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Pregnant women and babies 'safe' during midwives' strike

By Victoria O'Hara

Published 30/04/2015

Contingency plans have been put in place to ensure pregnant women and babies will be safe during a four-hour strike action by the Royal College of Midwives (RCM), health chiefs have said.

A number of community midwife appointments and all elective Caesarean sections have been postponed during the strike, but the Health and Social Care Board said it was "satisfied" that all five health trusts have appropriate plans in place.

The RCM said it has worked alongside trusts to ensure there are sufficient levels of midwifery staff working throughout the industrial action.

Urgent and emergency examinations and procedures will also be carried out in all trusts.

The RCM met representatives of the Health Department on Tuesday as part of last-ditch talks ahead of the strike. Breedagh Hughes, director of the RCM in Northern Ireland, said last night they had not received any response.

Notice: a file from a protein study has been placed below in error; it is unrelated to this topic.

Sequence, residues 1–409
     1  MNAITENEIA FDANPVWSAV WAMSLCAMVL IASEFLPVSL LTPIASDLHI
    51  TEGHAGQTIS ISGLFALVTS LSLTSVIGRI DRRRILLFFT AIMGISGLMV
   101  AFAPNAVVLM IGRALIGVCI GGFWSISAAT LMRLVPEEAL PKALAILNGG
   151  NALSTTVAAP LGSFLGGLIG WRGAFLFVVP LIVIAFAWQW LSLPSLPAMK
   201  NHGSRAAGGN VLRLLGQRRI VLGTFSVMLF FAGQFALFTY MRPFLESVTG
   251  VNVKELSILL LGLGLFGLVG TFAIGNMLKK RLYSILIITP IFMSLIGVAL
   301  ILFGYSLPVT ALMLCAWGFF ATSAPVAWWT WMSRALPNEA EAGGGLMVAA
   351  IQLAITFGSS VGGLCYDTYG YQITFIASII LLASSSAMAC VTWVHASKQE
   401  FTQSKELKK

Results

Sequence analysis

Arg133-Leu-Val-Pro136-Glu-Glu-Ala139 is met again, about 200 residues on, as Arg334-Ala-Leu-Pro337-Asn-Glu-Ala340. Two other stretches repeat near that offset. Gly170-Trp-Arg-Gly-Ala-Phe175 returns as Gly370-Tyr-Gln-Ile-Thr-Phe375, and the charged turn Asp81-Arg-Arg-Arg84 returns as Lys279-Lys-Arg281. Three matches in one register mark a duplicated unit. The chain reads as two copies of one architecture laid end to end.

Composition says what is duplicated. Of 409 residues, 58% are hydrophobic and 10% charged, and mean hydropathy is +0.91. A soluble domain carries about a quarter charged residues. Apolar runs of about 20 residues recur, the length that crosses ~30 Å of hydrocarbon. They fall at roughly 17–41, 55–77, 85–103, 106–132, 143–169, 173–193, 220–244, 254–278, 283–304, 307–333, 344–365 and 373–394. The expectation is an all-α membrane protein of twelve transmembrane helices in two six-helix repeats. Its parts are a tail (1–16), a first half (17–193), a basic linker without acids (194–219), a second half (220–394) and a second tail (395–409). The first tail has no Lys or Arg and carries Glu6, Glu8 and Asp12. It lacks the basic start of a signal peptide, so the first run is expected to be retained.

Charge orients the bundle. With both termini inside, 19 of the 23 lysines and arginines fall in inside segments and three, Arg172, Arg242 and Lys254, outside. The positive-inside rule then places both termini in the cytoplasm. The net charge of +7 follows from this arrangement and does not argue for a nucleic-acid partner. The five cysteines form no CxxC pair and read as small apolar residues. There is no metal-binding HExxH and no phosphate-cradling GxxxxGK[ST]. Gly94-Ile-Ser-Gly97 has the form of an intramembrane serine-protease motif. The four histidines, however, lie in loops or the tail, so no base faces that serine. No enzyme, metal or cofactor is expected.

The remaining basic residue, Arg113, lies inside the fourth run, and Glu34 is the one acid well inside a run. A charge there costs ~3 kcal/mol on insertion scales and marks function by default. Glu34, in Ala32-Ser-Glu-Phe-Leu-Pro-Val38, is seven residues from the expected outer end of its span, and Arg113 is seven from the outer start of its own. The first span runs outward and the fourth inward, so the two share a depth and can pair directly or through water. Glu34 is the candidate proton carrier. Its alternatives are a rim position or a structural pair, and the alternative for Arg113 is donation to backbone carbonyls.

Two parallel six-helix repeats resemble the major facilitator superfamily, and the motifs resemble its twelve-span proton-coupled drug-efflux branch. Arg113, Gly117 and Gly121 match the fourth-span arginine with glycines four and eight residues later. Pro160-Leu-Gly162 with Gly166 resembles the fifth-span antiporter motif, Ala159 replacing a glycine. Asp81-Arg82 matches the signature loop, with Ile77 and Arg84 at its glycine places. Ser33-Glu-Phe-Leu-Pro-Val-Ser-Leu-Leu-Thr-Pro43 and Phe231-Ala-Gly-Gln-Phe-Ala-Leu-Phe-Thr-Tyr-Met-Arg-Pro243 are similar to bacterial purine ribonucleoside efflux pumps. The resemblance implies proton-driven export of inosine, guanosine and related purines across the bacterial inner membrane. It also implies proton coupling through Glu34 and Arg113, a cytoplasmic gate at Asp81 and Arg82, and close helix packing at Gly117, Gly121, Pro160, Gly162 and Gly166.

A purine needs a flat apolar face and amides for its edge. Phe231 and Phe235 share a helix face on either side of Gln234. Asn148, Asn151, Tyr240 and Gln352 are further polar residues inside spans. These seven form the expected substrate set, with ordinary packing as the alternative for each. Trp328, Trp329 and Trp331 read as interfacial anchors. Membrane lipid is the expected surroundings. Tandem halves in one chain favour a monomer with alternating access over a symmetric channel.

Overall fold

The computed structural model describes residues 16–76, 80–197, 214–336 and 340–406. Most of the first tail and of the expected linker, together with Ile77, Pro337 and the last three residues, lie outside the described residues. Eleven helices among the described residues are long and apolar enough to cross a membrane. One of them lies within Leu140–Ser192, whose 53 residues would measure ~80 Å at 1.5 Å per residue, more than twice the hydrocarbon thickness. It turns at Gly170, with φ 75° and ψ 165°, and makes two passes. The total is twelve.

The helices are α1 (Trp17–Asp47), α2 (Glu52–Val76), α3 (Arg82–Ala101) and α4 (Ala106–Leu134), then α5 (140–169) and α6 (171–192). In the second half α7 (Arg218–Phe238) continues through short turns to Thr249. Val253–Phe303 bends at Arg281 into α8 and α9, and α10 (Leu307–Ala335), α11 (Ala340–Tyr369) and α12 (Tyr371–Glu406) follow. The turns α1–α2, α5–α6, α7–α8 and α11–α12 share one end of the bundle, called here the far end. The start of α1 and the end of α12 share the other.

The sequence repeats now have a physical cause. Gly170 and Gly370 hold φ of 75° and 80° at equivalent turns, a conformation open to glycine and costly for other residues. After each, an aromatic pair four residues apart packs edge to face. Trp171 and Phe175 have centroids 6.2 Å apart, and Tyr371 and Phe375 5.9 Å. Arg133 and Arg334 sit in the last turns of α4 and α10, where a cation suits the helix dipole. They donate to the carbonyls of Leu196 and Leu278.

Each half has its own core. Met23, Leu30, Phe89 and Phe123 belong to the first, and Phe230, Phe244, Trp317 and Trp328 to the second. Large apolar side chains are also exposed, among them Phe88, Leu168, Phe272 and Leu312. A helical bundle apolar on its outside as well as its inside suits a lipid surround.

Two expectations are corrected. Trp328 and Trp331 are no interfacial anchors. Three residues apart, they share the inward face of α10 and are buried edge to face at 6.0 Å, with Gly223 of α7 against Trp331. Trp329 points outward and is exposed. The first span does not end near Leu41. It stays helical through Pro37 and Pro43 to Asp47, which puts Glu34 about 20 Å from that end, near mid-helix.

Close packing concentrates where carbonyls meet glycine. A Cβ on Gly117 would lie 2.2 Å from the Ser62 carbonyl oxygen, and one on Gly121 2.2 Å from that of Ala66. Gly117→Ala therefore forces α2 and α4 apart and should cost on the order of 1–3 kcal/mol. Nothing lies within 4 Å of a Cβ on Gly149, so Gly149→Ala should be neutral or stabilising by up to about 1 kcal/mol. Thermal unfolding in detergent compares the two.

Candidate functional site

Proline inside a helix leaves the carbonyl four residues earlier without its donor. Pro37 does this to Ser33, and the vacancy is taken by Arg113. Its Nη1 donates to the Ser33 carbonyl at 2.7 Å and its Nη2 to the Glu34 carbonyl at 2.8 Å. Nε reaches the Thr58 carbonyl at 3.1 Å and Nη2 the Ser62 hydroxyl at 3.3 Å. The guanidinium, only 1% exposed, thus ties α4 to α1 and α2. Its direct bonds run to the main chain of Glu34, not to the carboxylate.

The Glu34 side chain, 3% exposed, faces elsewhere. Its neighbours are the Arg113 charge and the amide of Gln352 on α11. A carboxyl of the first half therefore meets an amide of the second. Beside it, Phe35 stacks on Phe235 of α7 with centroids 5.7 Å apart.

The four-hour walkout over a pay dispute will end at midday. Further industrial action is planned between May 1 and 7.

The Society of Radiographers in Northern Ireland will also be striking for four hours.

Members of the RCM recently voted by 9-1 to strike - the first such vote in the college's 134-year history.

The action follows the Executive's rejection of the independent NHS Pay Review Body's recommendation of a 1% pay rise last year and no announcement this year for health and social care (HSC) staff in Northern Ireland.

The RCM insisted that the walkout will not put women and babies at risk and essential services will be maintained.

In a statement, the HSC Board spokeswoman said: "We are confident the executive director of nursing in each trust and heads of midwifery have been working closely with the Royal College of Midwives to ensure mothers and babies have access to the services they need."

In the Western Trust all elective Caesarean sections have been postponed and the majority of community midwife antenatal clinics have been postponed.

A spokeswoman for the South Eastern Health Trust said some routine appointments and non-urgent investigations had been postponed but labouring and assessment services were normal

The Belfast Trust said: "Women who need to see a midwife or think they might be in labour should come to the hospital as normal where a full team on duty look after them."

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